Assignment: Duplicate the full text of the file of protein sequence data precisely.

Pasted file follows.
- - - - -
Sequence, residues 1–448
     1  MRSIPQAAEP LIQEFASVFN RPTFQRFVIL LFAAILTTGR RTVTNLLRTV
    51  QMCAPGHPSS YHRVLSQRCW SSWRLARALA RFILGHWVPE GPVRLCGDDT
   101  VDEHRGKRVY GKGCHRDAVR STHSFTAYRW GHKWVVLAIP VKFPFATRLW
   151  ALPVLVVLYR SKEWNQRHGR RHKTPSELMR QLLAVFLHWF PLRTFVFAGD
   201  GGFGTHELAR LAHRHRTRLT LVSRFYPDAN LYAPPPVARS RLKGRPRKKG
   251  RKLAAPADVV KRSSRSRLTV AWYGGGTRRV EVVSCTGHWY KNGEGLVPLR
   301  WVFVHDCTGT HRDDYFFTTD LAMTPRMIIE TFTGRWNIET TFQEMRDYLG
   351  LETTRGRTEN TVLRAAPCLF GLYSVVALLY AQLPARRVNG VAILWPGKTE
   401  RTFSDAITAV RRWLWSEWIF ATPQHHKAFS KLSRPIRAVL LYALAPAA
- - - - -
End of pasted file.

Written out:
Sequence, residues 1–448
     1  MRSIPQAAEP LIQEFASVFN RPTFQRFVIL LFAAILTTGR RTVTNLLRTV
    51  QMCAPGHPSS YHRVLSQRCW SSWRLARALA RFILGHWVPE GPVRLCGDDT
   101  VDEHRGKRVY GKGCHRDAVR STHSFTAYRW GHKWVVLAIP VKFPFATRLW
   151  ALPVLVVLYR SKEWNQRHGR RHKTPSELMR QLLAVFLHWF PLRTFVFAGD
   201  GGFGTHELAR LAHRHRTRLT LVSRFYPDAN LYAPPPVARS RLKGRPRKKG
   251  RKLAAPADVV KRSSRSRLTV AWYGGGTRRV EVVSCTGHWY KNGEGLVPLR
   301  WVFVHDCTGT HRDDYFFTTD LAMTPRMIIE TFTGRWNIET TFQEMRDYLG
   351  LETTRGRTEN TVLRAAPCLF GLYSVVALLY AQLPARRVNG VAILWPGKTE
   401  RTFSDAITAV RRWLWSEWIF ATPQHHKAFS KLSRPIRAVL LYALAPAA